I recently found myself in a roomful of Brand marketers, Agencies and Boutique consultancies discussing the growing authority of influencers. As social media has amped and marketing eyes a mixshift of investments to new media and Word of Mouth, the importance and debate around the role of Influencers has exploded.
Just last week, Ad Age reported on research by PQ media that Word of Mouth Marketing crossed $1B in 2006…up from $76M 5 years earlier, in route to $3.7B by 2011.
…in 2006, according to an independent research report on the field that will be unveiled during a session at the annual Word Of Mouth Marketing Association conference in Las Vegas today. The analysis, believed to be first in-depth look at word of mouth, reports that spending on the emerging discipline has increased from $76 million in 2001 to $981 million in 2006 and is expected to grow to approximately $3.7 billion by 2011.
These influencer conversations generally fall into a couple of buckets:
- Data and examples designed to convince you that Influencers matter
- How to find and "activate" them in the brand conversation
- How to measure
I find myself invited to participate in a lot of these discussions as I have pretty strong views on the topic after 5 years of building one of the largest Influencer programs (www.microsoft.com/mvp). Probably more important than the strong views, is the practical lessons learned from operationalizing a global program designed to find, thank and engage influencers both online and offline. Like most things, the best way to learn about something is to go and personally engage in it. I estimate that I’ve talked to over 3000 influencers of our brands from over 50 countries during the past few years.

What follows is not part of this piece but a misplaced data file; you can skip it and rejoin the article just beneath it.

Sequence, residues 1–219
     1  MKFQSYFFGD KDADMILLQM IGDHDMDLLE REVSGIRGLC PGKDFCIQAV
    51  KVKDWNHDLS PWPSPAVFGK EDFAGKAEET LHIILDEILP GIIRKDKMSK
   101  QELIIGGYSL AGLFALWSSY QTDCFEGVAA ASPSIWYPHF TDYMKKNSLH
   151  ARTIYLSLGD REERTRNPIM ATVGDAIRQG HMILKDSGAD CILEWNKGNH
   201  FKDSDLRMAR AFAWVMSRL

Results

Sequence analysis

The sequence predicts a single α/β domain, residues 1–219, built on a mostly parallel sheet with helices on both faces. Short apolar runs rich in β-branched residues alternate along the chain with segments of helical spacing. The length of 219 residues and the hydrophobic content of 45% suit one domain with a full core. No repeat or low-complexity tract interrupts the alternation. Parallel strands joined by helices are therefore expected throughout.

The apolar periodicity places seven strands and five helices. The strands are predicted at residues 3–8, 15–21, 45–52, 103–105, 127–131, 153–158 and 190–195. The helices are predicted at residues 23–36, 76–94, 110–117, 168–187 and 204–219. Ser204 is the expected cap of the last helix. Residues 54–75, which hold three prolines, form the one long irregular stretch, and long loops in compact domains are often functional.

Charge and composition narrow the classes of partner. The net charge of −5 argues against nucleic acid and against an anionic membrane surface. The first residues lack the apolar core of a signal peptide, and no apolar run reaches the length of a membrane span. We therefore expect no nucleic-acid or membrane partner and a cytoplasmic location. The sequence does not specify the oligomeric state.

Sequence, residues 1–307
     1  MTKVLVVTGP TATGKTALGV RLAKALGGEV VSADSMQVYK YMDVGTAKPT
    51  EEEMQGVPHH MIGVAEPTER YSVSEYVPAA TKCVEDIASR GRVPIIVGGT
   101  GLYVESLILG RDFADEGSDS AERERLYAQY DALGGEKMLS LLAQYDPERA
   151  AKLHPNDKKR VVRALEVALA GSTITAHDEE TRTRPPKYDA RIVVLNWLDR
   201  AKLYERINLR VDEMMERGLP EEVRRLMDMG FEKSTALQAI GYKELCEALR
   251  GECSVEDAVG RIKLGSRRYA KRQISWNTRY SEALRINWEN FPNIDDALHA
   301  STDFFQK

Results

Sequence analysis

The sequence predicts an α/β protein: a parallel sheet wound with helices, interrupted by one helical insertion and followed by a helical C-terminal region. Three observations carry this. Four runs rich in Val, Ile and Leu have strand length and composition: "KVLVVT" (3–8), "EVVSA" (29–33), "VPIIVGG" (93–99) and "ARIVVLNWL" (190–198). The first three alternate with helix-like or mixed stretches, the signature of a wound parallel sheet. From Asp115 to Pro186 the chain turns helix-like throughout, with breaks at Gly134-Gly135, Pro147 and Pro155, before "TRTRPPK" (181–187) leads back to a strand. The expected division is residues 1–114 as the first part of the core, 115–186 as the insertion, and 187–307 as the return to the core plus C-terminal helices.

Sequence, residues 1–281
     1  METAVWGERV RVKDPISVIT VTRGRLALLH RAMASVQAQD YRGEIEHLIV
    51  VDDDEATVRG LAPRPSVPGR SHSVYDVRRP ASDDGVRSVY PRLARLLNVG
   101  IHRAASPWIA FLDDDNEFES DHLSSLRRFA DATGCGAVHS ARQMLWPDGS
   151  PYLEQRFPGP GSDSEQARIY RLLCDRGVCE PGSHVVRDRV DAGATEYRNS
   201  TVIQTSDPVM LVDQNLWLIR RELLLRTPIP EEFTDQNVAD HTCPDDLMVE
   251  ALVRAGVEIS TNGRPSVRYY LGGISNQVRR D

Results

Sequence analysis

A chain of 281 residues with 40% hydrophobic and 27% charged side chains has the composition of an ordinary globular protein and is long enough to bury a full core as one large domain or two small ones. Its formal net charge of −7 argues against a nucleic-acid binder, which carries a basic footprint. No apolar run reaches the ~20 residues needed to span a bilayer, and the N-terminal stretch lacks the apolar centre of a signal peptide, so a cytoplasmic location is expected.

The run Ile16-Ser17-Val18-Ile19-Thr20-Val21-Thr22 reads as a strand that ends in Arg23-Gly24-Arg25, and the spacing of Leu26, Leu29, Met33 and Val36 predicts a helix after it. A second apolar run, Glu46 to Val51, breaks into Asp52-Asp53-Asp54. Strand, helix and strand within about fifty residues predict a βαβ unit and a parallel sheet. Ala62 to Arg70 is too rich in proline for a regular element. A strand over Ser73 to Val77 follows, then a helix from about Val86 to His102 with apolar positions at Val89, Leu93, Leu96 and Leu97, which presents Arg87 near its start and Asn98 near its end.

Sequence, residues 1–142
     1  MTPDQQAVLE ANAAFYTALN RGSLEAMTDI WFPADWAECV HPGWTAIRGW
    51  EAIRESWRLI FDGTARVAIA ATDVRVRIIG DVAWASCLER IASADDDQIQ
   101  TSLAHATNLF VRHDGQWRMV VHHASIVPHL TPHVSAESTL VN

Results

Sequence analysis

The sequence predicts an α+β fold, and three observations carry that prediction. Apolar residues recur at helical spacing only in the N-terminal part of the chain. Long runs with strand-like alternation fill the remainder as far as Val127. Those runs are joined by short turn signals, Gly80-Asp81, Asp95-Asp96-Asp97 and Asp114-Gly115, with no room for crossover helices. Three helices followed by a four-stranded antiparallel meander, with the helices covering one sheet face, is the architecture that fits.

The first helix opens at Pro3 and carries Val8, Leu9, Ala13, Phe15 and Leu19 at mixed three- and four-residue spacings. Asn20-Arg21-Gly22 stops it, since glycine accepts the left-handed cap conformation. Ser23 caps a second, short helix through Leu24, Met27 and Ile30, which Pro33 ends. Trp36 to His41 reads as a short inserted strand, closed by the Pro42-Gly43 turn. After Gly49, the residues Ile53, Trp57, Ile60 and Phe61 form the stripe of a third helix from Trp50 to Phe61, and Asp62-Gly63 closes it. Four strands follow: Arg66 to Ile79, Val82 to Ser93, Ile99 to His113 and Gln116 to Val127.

So, back to the conversation at the conference…As we sat in the room having the discussion, several people used the term "Influencer Marketing." Each time I heard it, I cringed. Something about this phrase seemed wrong. In the moment, I couldn’t articulate why this phrase dug so deep, but by my afternoon presentation I had to discuss this topic. I like to keep the following core assumption in mind: Influencers don’t do what they do in order to help you (the brand)…they do what they do to help other users. Forgetting this core point is probably the fastest path to a failed influencer initiative. The term "Influencer Marketing" to me feels like it is attempting to get a direct response from an influencer. Find the right people, tell them about "A" and they will go tell everyone about "A." In my experience, it just doesn’t work this way. There are a few "influencers" with whom this works - but they rarely influence much or sustain over the long term - they may just be loud. Perhaps my issue with this is that most marketing feels very one way. If you really want to get influencers talking, it’s about a two way, trust based conversation.
Wrong model (marketing dream): I tell you about "A," you tell everyone you know about "A"
Right model: I tell you about "A," you tell me about "A1, B and C." I listen, I make some changes or I don’t make changes but I tell you why. This creates outbound conversation - but it’s a by-product of a relationship, not a channel for push communications.
In truth there probably isn’t anything wrong with the term itself. There are influencers and brands will invariably market to them - and that’s not evil. What might be "evil" is thinking there is a shortcut here - forgetting that this really only works when social media is creating a conversation between a brand and the users…and remember, "listening is not just waiting for your turn to talk!"
And finally, the right model makes another strong point - that the conversation isn’t just between your influencers and the marketing department - it’s the influencers and your company - cross functions.
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